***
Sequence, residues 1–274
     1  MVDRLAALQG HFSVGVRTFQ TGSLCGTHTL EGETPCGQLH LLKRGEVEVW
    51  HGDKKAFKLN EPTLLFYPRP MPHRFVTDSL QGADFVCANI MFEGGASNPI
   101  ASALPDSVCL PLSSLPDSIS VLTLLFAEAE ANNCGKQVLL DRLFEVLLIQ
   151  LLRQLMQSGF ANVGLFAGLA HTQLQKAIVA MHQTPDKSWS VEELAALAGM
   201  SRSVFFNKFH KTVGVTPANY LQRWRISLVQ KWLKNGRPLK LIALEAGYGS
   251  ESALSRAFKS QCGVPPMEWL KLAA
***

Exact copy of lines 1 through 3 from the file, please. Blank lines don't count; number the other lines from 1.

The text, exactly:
Sequence, residues 1–274
     1  MVDRLAALQG HFSVGVRTFQ TGSLCGTHTL EGETPCGQLH LLKRGEVEVW
    51  HGDKKAFKLN EPTLLFYPRP MPHRFVTDSL QGADFVCANI MFEGGASNPI